The cockpit voice recorder of Asiana Airlines Flight 214 appears to show the pilots tried to abort the landing less than two seconds before the plane crashed on the runway at San Francisco International Airport, the head of the National Transportation Safety Board said Sunday.
‘Too slow and too low’
The plane’s voice and flight data recorders show that the flight from South Korea was coming in too slow and too low and that the pilots appear to have increased speed seven seconds before impact, Deborah Hersman said. A stall warning sounded four seconds before the crash, and the crew then made an internal decision “to initiate a go-around 1.5 seconds to impact,” she said.
The NTSB’s preliminary assessment of the plane’s cockpit and flight data recorders appear to indicate that the flight went from a routine landing to a disaster in a matter of seconds. But when asked if pilot error was to blame, Hersman said the crash landing was still under investigation. But what happened inside the cockpit of the Boeing 777 may well be the key factor in Saturday’s accident that killed two people, injured 182 and forced the temporary closure of one of the country’s largest airports.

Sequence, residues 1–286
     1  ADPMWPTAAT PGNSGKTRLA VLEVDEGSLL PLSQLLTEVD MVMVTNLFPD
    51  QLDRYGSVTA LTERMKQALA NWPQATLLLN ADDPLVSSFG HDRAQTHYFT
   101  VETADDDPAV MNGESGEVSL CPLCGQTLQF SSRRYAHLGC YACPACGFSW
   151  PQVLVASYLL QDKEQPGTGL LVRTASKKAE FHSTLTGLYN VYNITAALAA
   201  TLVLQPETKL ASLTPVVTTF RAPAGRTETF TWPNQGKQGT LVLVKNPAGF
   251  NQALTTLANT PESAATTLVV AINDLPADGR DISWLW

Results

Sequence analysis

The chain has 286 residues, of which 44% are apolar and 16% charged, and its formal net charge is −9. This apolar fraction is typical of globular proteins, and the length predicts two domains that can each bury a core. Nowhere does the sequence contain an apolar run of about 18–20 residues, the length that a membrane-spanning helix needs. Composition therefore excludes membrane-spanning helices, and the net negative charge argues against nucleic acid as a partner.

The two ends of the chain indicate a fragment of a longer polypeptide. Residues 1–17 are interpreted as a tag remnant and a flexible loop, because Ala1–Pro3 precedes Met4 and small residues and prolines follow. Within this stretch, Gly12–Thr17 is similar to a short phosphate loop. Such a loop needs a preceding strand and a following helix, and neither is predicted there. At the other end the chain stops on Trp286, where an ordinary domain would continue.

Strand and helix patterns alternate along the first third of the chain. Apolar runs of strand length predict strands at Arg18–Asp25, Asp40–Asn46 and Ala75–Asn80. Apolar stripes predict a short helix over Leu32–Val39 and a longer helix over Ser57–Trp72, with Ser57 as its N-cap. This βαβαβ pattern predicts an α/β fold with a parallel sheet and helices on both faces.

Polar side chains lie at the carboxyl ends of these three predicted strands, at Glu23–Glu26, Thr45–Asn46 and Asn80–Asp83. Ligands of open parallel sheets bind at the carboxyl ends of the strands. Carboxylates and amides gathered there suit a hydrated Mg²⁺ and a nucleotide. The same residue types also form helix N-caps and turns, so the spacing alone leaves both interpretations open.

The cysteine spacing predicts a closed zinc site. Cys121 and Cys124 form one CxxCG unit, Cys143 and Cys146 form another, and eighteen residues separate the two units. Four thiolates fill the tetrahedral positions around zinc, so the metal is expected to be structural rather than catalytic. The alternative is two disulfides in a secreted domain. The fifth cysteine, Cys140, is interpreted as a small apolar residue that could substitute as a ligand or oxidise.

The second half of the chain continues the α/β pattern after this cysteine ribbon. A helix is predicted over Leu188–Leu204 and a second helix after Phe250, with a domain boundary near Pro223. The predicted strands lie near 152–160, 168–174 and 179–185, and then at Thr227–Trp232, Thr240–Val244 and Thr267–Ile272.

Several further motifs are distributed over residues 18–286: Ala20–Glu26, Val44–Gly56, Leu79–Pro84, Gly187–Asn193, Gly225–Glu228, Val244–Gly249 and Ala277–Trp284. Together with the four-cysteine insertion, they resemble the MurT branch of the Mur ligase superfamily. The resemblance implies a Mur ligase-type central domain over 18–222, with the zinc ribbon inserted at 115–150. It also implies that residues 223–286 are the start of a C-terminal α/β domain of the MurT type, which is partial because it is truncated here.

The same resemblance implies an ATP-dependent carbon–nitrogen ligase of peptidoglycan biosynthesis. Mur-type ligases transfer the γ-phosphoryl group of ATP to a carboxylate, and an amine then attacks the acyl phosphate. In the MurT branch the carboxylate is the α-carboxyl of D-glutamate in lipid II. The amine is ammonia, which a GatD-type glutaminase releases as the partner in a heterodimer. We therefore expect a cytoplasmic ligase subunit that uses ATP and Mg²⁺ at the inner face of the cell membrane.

South Korean and NTSB investigators will jointly question Lee Kang-gook, the pilot who was sitting in the captain’s seat of Asiana Flight 214, on Monday, Choi Jeong-ho, the head of South Korean’s Aviation Policy Bureau, said. Lee was making his first landing with a Boeing 777 at San Francisco International Airport, the airline said. But it wasn’t his first time flying to San Francisco.
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Source: Chelsea J. Carter and Mike M. Ahlers | CNN
Image: NY Daily News